A sketch of the photos, which is sort of the same thing. 

First, there was that AI song. The nonprofit Over the Bridge analyzed 30 Nirvana tracks and guessed at what a new one might sound like. Then the singer of a Nirvana cover band performed it. As it happens, the song sounds exactly as you’d expect: a watery imitation, a Gen-X dad band doing an “original.”

Now, photographer Jesse Frohman is further merging new tech and Seattle’s most famous band. On May 3 at 9am Pacific Time, the photographer will begin the auction for an NFT (non-fungible token) from his 1993 photo shoot with Cobain, the last formal one before he died in 1994.  If you want to buy, you’ll pay in Ethereum, a type of cryptocurrency currently valued at $2,744 a token. The bidding begins at 27.27 ETH, or around $75,000, (because Cobain died at age 27—get it?) and runs through 3pm on May 7. This NFT will contain 104 images from the shoot, many of which are multiples of a famous Cobain look—the leopard print coat, the trapper hat, chipped nail polish, the big white sunglasses. You know, shots like this: 

Frohman's website, to rationalize the price, notes that the NFT contains “some never-before-seen” images and each of these multiples contains a specificity: “Jesse left the shoot that day thinking he’d gotten one or two good shots. He was struck to find over a hundred, each imbued with a nuance unlike the others.” The collection—a high res scan of Frohman's images—comes with a print of the buyer’s choosing and “an opportunity” for a photoshoot with Frohman. Beyond that, the buyer gets “a chance to share ownership of a moment that is etched deeply upon the soul of music and culture.” 

If you’ve been staying away from art news lately and don’t know what an NFT is, perhaps this all sounds reasonable—a historic collection of images for sale. An NFT, though, is a virtual certificate of authenticity that uses blockchain (the tech behind cryptocurrency) so people can charge a shitload of money for digital files. Earlier this year NFTs stormed the art world when an internet artist named Beeple sold an NFT of his work for $69 million in a Christie’s auction, the third-largest sale by a living artist ever. Other artists—including a few Seattleites, as Crosscut reported—have raked it in with sales as well. One local, the 18-year-old FEWOCiOUS, has now sold 3104 works valued at a combined $18.2 million, the fourth highest selling cryptoartist. Washington winemaker Andrew Januik is now auctioning off some animated digital wine labels for about $500 each.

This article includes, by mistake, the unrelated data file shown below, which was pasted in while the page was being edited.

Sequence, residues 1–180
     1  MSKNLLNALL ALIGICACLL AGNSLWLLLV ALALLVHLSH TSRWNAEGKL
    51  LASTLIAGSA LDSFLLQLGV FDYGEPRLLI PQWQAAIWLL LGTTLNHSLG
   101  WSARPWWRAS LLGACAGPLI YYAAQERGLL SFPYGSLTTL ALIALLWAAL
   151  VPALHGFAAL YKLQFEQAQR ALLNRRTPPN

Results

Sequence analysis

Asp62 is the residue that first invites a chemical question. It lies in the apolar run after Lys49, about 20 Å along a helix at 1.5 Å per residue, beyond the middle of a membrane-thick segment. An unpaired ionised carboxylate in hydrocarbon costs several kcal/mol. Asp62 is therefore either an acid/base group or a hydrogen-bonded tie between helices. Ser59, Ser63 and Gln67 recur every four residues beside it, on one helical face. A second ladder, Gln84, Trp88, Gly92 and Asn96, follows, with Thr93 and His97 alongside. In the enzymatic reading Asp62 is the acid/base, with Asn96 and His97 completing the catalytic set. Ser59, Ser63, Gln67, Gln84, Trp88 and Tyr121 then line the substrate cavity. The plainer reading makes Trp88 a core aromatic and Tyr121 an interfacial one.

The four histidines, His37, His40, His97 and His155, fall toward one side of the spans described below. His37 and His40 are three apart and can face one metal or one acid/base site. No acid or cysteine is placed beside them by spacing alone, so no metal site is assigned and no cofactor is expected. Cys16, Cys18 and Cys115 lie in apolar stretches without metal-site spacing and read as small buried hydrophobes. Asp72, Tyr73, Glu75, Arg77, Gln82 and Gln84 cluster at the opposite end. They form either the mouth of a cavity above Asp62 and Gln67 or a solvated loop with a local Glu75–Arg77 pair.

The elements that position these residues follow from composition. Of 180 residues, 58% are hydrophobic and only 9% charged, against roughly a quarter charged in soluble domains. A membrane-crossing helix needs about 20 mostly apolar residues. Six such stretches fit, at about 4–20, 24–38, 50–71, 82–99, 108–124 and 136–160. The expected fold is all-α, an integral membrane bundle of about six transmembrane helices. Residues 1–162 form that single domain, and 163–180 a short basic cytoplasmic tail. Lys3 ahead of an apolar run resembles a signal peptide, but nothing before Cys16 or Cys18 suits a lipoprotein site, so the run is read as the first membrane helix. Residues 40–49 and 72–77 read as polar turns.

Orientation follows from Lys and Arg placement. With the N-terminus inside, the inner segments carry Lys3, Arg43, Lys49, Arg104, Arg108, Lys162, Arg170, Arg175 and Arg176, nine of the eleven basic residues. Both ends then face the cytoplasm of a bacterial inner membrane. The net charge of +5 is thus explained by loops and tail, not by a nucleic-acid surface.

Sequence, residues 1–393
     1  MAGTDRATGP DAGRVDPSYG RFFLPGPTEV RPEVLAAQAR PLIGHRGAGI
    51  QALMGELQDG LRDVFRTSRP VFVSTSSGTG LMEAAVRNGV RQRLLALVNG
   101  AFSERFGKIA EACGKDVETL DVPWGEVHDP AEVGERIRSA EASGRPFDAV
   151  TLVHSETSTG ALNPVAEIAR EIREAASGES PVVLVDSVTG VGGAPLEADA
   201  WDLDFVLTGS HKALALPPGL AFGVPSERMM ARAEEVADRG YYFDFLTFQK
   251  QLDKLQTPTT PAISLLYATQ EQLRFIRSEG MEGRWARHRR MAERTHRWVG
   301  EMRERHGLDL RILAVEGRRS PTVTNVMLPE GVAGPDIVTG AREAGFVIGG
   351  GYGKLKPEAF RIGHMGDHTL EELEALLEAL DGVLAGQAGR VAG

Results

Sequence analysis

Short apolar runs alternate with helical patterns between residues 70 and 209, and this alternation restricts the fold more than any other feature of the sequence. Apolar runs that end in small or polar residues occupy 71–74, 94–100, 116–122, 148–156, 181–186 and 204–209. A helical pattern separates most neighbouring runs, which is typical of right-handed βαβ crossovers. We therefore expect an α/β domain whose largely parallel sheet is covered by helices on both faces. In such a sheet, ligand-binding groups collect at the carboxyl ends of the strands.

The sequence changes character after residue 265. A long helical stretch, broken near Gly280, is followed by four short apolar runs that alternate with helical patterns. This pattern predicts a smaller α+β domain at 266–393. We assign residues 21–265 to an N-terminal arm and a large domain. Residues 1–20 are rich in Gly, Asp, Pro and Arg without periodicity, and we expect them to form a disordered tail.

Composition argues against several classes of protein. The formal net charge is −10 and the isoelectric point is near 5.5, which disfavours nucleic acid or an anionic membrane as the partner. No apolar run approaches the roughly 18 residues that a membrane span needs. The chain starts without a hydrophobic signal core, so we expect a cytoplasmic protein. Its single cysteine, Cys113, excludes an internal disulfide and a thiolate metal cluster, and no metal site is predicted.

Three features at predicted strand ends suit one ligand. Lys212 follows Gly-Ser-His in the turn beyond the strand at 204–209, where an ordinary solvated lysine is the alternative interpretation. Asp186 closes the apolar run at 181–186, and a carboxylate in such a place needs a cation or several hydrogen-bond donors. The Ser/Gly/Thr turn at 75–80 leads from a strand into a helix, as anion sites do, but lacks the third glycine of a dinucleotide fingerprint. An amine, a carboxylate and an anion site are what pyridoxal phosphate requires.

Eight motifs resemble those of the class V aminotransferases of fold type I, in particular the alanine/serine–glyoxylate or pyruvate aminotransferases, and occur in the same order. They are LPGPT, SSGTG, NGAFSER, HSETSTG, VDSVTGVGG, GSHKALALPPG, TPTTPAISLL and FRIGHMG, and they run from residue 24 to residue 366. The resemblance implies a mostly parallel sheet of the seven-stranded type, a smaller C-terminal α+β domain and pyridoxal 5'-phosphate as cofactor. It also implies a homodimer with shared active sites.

NFTs exist at the intersection of two economies—the art market and cryptocurrency—rooted in buzz and projection. Unsurprisingly the rise of NFTs this year has pulsed with controversy: that people are paying to “own” art that’s widely available online, that NFTs are unsustainable (creating one has the same carbon footprint as a 500-mile drive in a typical car—though physical art is also shipped all over). There is more than a little absurdity to the whole thing—and some are already trying to take advantage—but in as much as NFTs are a way for internet artists to get paid for their work by selling directly to buyers, fine.

Where this whole market gets thoroughly stupid is with sales like Frohman’s. I am not worried about people soiling Nirvana’s legacy. It has been—it issoiled. Anyway, the band’s work was partly about the crassness of consumerism, so can more crass consumerism tarnish it? (Frohman, in fact, thinks it’s the opposite. He told Rolling Stone that because Cobain “was very anti-establishment… I think he would be very interested in the NFT art space.”)

But what are you actually buying here? This isn’t internet art. These are film photographs. People already own prints of them, and Frohman is not selling the film—the actual thing to own. All the buyer is paying for is a virtual possession, the concept of artistic wealth, which might pay off, but will never be more than an expensive photocopy.  

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